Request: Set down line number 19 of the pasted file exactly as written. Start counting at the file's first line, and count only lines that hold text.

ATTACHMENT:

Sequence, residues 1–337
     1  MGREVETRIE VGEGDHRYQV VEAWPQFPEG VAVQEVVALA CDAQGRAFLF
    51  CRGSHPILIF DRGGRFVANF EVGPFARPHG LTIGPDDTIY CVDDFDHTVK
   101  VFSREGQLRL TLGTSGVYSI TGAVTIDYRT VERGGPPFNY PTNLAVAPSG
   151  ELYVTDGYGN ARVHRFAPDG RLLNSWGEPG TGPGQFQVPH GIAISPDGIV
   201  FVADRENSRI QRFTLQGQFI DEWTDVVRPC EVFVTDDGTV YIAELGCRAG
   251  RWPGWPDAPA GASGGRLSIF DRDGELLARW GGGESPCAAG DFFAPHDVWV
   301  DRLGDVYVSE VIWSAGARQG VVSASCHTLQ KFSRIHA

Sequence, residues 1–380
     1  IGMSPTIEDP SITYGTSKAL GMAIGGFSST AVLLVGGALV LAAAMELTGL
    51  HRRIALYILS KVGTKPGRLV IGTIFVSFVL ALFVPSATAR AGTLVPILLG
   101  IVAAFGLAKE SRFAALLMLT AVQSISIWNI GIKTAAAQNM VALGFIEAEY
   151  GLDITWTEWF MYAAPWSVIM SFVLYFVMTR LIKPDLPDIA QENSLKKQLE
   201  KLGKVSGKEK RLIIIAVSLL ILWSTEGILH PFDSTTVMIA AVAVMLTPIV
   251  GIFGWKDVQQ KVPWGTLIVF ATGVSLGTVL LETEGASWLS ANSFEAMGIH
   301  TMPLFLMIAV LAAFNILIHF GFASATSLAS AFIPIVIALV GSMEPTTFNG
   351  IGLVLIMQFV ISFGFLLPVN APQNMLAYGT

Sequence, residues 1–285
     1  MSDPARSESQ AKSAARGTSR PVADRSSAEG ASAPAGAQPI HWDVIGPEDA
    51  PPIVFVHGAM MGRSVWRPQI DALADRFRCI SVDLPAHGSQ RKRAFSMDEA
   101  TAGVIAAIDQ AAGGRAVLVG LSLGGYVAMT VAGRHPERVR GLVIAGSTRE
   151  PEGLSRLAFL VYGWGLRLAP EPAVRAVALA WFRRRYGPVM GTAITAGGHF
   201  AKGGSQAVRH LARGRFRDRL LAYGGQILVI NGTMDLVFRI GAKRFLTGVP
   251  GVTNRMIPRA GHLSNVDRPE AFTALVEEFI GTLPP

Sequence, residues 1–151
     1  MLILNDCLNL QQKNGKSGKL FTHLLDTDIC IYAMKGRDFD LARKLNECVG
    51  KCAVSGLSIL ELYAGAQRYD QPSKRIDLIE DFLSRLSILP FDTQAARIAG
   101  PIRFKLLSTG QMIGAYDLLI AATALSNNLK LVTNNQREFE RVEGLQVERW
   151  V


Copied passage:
     1  MSDPARSESQ AKSAARGTSR PVADRSSAEG ASAPAGAQPI HWDVIGPEDA